Russia was in a much weaker position in 2014. Had Putin started a hot conflagration with the US back then, Russian forces in Syria would have been completely routed,
The 2014 timeline was a worst-case scenario for Russia so what exactly was avoided in 2014?
Ukraine went from being a relatively stable kleptocracy that swung between West-aligned oligarchs and Russia-aligned oligarchs (Ukraine pre-Maidan was always considered within the Russian sphere of influence), to being a de facto failed state that gets militarized by NATO to hurt Russia as much as it can. People like to talk about how pre-Maidan Ukraine wasn't exactly heaven either but from Russia's POV Kuchma or Yanukovich ranked 10/10 compared to what they have now.
What happened in 2014 was due to a mixture of 1. political paralysis and nihilistic attitudes domestically, and 2. indecisive and risk-averse Russian leadership. Reality is that Putin was constantly on the back foot and ended up in a whack-a-mole type of situation. Russia first witnessed it's entire defense strategy getting endangered due to its Southern flank getting ripped open by yet another blatant NATO expansion, after which it had to invade and takeover part of sovereign neighboring country, and instigate and maintain a bloody civil war in another part of said country.
This then resulted in nearly a decade of economic stagnation, Russia being relegated to an international pariah state in much of the West+ allies, ruined relations with Ukraine for decades to come and a frozen conflict which it doesn't control (like the ones in Georgia, Moldovia, Azerbaijan etc.) right on it's Eastern flank.
It also gave the USA a stick to hit the dog with as they can, almost at will, crank the pressure up or down. I said it before and I will say it again. In International Relations deterrents are key. Right now Russia doesn't have any major deterrent over the USA - and if it does have them it chooses not to use them.
People really need to stop talking about Putin like he is some geopolitical 4D chess Master Yoda.
the US would have taken over their naval base along with hundreds of Russian prisoners, it would have been a disaster of huge proportion for Putin. Instead he ended up winning the Syrian war, Russia now has the upper hand, Assad is there to stay, and the US is on the way out. Putin's patience paid off.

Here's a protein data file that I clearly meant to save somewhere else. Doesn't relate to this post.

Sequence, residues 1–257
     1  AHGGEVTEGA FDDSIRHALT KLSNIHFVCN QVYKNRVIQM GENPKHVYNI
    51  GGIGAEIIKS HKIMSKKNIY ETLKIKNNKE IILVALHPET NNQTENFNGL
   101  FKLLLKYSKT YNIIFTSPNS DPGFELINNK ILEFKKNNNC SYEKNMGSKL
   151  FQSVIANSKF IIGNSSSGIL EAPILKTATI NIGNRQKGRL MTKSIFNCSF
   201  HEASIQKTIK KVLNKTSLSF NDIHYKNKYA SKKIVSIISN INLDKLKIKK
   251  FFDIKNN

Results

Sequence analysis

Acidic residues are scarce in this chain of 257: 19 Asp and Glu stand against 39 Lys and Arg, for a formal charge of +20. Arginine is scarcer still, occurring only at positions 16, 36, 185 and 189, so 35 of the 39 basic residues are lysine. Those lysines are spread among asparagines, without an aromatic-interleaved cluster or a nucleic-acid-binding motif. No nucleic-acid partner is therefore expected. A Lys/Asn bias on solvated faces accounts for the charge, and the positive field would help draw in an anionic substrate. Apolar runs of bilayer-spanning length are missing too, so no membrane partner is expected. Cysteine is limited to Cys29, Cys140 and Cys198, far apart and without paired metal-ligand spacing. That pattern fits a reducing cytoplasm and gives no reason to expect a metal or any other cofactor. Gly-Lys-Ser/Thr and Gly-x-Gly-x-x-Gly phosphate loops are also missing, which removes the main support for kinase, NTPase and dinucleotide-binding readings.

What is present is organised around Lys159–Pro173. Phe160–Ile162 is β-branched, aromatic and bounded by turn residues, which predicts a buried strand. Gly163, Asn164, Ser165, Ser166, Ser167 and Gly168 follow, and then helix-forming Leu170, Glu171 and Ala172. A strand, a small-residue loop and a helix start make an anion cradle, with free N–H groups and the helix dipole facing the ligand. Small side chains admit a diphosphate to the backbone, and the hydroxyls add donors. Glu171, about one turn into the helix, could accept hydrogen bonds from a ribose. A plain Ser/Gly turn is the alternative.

How could Putin involving himself in the early stages of a color revolution in a neighboring state and the umptieth broken Western promise have led to a direct US attack on Russian assets/ the Russian military?!
Crimea is not locked down in fact it's one of the main headache dossiers for Russian military strategists. Kaliningrad and Crimea are due to their location targets for enemy military movements.On the Ukraine front, Putin has completely locked down Crimea and he controls the situation there, Russian troops can roll in almost unimpeded to the Dnieper if and when NATO crosses Putin's red lines. Any escalation now could result in Putin unleashing his hypersonic missile strike force, a card he didn't have back in 2014 when Russia was still rebuilding its military and its economy.
In case of escalation Ukrainian military can easily target and destroy the Kerch Bridge after which Crimea would be practically under a land siege, submarine warfare could make naval resupply a hindrance.
Putin has never been interested in a Russian-Chinese alliance. He was instead pushed towards the East.On top of that Russia can count on China's backing now, back in 2014 Xi was just starting to emerge from a tough battle for the leadership of the CCP, he took out both the neoliberal wing of the party (Soros' buddies Bo Xilai and Jiang Zemin) and the hardcore commie CCP Youth apparatus. Xi's position was still tenuous back in 2014, and China was far less assertive on the world scene than they are today. Here again Putin's patience paid off.
Putin is the architect of the Greater Eurasian Initiative, a policy that he fully or partly pursued up until very recently (April 2021?). It explains the abusive West vs. Russia relationship. I think it boils down to personal preferences. Putin, like many of his predecessors is a great fan of European culture (especially German culture) and considers Russia to be part of Europe. We also shouldn't forget that Russia facing East would mean a break with 300 years of Russian focus on the West, starting with Peter the Great. Putin has always tried to come to some sort of West- Russia co-existence, thereby positioning Russia in between the Rising East and the (relatively declining) West. Up until recently the Russians only mentioned a possible Russian- Chinese rapprochement as a way to increase their value to the West when at the negotiating table.
The unofficial Russia-China alliance that is now emerging is not something that you can credit Putin for. It is instead the result of decades of aggressive Western Russophobia. Putin came to that conclusion fairly late, and it remains to be seen what this 'alliance' will bring. From first hand experience I can tell that many ordinary Russians are happy that Russia is now able to assert itself more with this powerful friend, but that they don't trust the Chinese for one bit.